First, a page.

A second attempt at sprinting has been rewarding. I didn't stumble. I felt strong on my legs and was able to progress in speed. In fact, this is the fastest I've been on my feet in over two decades. Strange thought.

My first run was careful and deliberate. I wanted to make sure that I had not forgotten the form I had learned in my first sprinting tryout. I discovered that I had not. This allowed me to concentrate on elongating my stride and speeding up in successive tries.

I ran back and forth a dozen and a half times. Although I went faster and faster each time, I did not reach top speed. I will leave this for a time when I feel more confident on my running skills. I know this sounds odd but this is how it is.

I didn't sweat or was out of breath at any point. The reason must be that I don't run for more than 40-50 meters at a time. By the time I reached top speed, I was ready to start slowing down.

There is something else worth reporting. Since a few months ago, I have been suffering from pain in my knee joints. It has been something gradual and has never become an issue that requires even the most innocent medication. I attributed the pain to aging as well as wear from intense cycling in my late teens. Well, the pain is gone at the moment. Since I started sprinting, I have noticed that I am walking slightly different. I seem to put less weight on my joints and rely more on my thigh muscles.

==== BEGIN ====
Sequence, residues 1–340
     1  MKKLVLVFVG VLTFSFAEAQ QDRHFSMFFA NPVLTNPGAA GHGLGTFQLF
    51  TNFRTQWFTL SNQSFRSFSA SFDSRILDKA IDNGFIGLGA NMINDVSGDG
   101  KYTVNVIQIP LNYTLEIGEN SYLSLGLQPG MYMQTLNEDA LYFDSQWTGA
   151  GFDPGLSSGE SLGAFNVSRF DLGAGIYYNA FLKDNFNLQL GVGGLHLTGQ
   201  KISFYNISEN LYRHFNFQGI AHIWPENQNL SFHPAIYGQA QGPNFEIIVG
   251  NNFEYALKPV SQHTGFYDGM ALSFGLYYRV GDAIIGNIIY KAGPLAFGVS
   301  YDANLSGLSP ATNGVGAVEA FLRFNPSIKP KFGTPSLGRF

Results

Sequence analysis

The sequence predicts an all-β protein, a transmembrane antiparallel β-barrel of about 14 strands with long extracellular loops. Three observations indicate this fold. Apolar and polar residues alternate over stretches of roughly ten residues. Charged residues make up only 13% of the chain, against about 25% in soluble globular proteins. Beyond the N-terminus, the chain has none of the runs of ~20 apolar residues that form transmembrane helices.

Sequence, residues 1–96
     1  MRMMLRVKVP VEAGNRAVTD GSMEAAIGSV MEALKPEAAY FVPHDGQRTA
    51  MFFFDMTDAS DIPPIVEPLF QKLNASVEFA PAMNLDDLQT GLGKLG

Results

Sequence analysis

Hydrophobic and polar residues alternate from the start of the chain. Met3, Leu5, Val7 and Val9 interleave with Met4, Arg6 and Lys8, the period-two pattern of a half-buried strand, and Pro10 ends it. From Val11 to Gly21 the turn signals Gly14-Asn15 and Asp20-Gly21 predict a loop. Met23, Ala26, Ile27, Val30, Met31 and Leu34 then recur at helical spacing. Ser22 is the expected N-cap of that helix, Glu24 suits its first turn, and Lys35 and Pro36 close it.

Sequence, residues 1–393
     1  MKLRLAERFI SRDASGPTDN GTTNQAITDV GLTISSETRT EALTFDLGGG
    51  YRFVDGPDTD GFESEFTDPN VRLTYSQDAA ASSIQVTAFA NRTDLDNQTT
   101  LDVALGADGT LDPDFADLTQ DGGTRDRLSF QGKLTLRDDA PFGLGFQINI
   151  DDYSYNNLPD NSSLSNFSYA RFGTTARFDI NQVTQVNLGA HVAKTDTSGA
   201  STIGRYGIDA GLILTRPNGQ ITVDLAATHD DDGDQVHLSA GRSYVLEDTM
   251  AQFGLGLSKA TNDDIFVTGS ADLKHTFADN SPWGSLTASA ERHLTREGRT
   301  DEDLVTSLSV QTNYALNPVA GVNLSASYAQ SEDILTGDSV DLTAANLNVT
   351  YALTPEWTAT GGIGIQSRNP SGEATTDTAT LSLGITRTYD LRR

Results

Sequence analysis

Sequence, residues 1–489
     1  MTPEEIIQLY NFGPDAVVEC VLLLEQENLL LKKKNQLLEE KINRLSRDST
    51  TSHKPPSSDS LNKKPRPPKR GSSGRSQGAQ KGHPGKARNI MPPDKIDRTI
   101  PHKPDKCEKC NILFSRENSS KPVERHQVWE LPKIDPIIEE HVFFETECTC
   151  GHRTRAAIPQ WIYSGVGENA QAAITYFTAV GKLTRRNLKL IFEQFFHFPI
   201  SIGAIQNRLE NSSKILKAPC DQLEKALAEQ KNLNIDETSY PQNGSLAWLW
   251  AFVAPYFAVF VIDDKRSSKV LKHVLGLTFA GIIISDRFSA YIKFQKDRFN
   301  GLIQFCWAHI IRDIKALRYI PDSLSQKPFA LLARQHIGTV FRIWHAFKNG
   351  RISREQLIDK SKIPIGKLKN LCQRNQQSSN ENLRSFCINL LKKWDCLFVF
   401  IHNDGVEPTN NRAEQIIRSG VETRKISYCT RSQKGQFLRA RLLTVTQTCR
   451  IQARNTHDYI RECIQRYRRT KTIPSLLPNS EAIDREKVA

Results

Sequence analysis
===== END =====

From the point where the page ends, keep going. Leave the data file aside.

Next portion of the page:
Thursday, June 9, 2011

Template menu 0.1

I have updated my diet to include a substantial amount of meat (for me). It is an improvement over my original menu and, I feel, it takes me closer to a true paleo diet.

  • 1 egg omelet.
  • 2 slices of bacon. 
  • 3 satsuma age (pan-fried with a tablespoon of butter).

  • ~100 gram hamburger. 
  • Salad: Lettuce, 1 medium tomato, 1 cucumber, 1 medium onion (sautéed with a tablespoon of butter) , salt, extra virgin olive oil, 1 spoon of mashed fresh garlic, 1 spoon of mashed fresh ginger, and parsley.

  • Blended drink:  1 banana, 2 spoons of whey protein, and ~200 ml of milk.  

  • 2 boiled eggs.
  • 1 sausage.
  • 1 yellow kiwi. 

  • 225 grams of plain yogurt with 2 spoons of pure cocoa.

I should say that I had not lost weight this week. It is the first time this happens since I started the paleo diet. This could be a negative consequence of the evolution of the diet (wrong nutrients) or a positive effect of the H.I.T. protocol (muscle development). Somehow, I doubt both explanations. I will therefore wait another week before making any changes. If the weight loss does not resume, I will make changes to the menu.

Tuesday, June 7, 2011

Third H.I.T. session

I did my third H.I.T. session today. I then took a shower, ate lunch, and slept a 1 hour nap. After dinner, I went for a 2 hour hike.